CETA Update: More than Beer, Ham and Cheese
As reported earlier, Canada and the European Union started negotiating the Comprehensive Economic and Trade Agreement (CETA) back in 2009. It was expected that the Agreement will take effect in 2016; however, the document has recently undergone some changes and the new timeline for coming into force is now 2017.
Canada’s Minister of International Trade and the European Union’s Commissioner for Trade announced on February 29, 2016 the completion of the legal review of CETA. The Agreement is currently being translated in 22 languages.
This free trade agreement will bring substantive changes to the protection of Geographical Indications (GIs) in Canada. CETA is going to expand the protection in Canada from wines and spirits to a broad list of agricultural products and foodstuffs originating in Europe. The list will include cheeses, oils and animal fats, vinegars, spices, dry-cured meats, fresh and processed fruits and nuts, fresh, processed and frozen meats, fresh and processed vegetable products, olives, cereals etc.
Pursuant to the current and, as recently reported, the final reading of Article 20.19 of the Agreement, each party will provide the legal means for interested parties to prevent the use of GIs of the other party for a product that does not originate in the place of origin specified for that geographical indication; or does originate in the place of origin specified for that geographical indication but was not produced or manufactured in accordance with the laws and regulations of the other Party; or if the use of any means in the designation or presentation of a product indicates or suggests that the product originates in a geographical area other than the true place of origin, so as to mislead the public as to the geographical origin of the product.
The issue of GIs is not without controversy in Canada. There are considerable differences in the mechanisms for protection of this form of intellectual property between Europe and Canada. Currently, the only form of protection afforded to GIs in Canada, other than for wines and spirits, is through certification marks. Further, many products that enjoy GI protection in Europe have become generic terms in Canada. As a result, it is expected that the conflicting situations between Canadian trademark holders and EU GIs may arise mainly in meat and cheese area.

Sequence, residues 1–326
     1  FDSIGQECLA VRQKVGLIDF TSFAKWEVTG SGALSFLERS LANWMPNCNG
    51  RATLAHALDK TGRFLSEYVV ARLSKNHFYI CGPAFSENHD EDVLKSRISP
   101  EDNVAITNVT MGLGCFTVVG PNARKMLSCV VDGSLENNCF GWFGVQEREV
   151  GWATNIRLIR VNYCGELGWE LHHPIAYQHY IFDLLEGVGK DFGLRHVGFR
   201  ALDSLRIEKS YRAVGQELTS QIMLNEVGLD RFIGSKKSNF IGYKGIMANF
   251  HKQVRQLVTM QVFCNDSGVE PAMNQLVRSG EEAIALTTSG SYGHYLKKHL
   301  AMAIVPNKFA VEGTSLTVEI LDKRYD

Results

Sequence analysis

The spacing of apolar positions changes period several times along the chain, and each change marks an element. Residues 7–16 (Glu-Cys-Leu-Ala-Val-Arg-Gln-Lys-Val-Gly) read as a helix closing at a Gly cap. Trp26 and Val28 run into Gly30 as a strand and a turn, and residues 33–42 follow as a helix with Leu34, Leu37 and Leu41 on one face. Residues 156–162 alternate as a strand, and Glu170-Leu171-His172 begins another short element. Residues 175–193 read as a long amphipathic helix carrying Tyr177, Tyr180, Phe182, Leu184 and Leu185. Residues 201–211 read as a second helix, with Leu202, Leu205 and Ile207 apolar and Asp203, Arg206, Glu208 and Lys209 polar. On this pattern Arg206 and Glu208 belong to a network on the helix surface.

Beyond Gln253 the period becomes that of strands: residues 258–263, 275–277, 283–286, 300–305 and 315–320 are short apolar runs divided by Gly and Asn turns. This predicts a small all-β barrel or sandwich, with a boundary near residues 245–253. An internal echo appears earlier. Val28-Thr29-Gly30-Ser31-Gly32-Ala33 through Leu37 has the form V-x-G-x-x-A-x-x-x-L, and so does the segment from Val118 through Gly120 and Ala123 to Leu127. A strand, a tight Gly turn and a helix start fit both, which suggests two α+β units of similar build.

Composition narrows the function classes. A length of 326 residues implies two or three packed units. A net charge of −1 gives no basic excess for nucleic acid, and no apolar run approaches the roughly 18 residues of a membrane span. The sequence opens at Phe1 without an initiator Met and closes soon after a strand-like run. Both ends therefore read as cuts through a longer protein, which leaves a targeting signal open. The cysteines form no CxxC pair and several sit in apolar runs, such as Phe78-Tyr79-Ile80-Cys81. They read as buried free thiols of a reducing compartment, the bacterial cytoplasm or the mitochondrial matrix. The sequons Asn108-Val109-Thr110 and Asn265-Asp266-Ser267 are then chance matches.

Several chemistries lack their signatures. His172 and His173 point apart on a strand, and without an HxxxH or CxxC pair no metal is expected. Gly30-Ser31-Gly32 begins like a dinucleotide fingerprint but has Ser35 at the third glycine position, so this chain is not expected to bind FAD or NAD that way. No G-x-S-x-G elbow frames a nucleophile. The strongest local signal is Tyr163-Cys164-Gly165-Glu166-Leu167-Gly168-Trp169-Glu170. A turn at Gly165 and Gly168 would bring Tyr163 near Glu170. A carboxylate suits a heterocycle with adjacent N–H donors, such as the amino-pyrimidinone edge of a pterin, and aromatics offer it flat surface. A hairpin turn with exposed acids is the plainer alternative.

In order to address the concerns raised by Canadian food manufactures whose business will be substantially affected by the CETA Agreement, the following exceptions have been included in the Agreement:
- Canada will not be required to provide the legal means for interested parties to prevent the use of GI when the term is accompanied by expression such as “kind”, “type”, “style”, “imitation” or the like accompanied with a visible indication of the geographical origin of the product.
- The protection of the geographical indications will not prevent the use in Canada of those indications by any party that made commercial use of those indications in the class of “cheeses” preceding the date of October 18, 2013.
- The protection of the geographical indications will not prevent the use in Canada of those indications by any party that made commercial use of those indications in the class of “fresh, frozen and processed meats” for at least five years preceding October 18, 2013.
- The protection of the geographical indications will not prevent the use in Canada of those indications by any party that made commercial use of those indications in the class of “dry-cured meats” and “cheeses“, respectively, for at least ten years preceding October 18, 2013.
- If a trademark has been applied for or registered in good faith, or if rights to a trademark have been acquired through use in good faith, in a Party before the applicable date set out in paragraph 6, measures adopted to implement this Subsection in that Party shall not prejudice the eligibility for or the validity of the registration of the trademark, or the right to use the trademark, on the basis that the trademark is identical with, or similar to, a geographical indication.
Many food producers on both sides of the ocean whose businesses will be affected by CETA have been anxiously awaiting the final reading and the implementation of the Agreement.
On the Canadian business side of things, there will be winners and there will be losers. The only clear winners are Canadian consumers. For them, CETA may initially bring marketplace overload and confusion, but will ultimately provide many more choices. They will be able to enjoy the short Canadian al fresco dining season by choosing between Parmigiano Reggiano or parmesan cheese, Prosciutto di Parma or Parma style ham, Ελιά Καλαμάτας or kalamata variety olives.
Marina Stipanac is a Trade-mark Agent in the firm’s Intellectual Property Law Group. She can be reached at email@example.com or 613.566.2280.